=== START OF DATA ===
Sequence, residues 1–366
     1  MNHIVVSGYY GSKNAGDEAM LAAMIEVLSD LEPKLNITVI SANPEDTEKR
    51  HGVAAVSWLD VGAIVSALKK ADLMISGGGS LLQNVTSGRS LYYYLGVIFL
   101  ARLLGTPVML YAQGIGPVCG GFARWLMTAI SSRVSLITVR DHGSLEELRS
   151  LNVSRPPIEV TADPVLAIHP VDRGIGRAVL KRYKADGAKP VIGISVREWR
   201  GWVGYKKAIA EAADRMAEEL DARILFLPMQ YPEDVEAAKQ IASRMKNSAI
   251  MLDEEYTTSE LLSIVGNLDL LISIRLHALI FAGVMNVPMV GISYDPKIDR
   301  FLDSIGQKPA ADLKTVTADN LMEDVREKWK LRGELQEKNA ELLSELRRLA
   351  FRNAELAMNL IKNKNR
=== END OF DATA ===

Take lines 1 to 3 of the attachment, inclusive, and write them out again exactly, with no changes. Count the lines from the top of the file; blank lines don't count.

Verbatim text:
Sequence, residues 1–366
     1  MNHIVVSGYY GSKNAGDEAM LAAMIEVLSD LEPKLNITVI SANPEDTEKR
    51  HGVAAVSWLD VGAIVSALKK ADLMISGGGS LLQNVTSGRS LYYYLGVIFL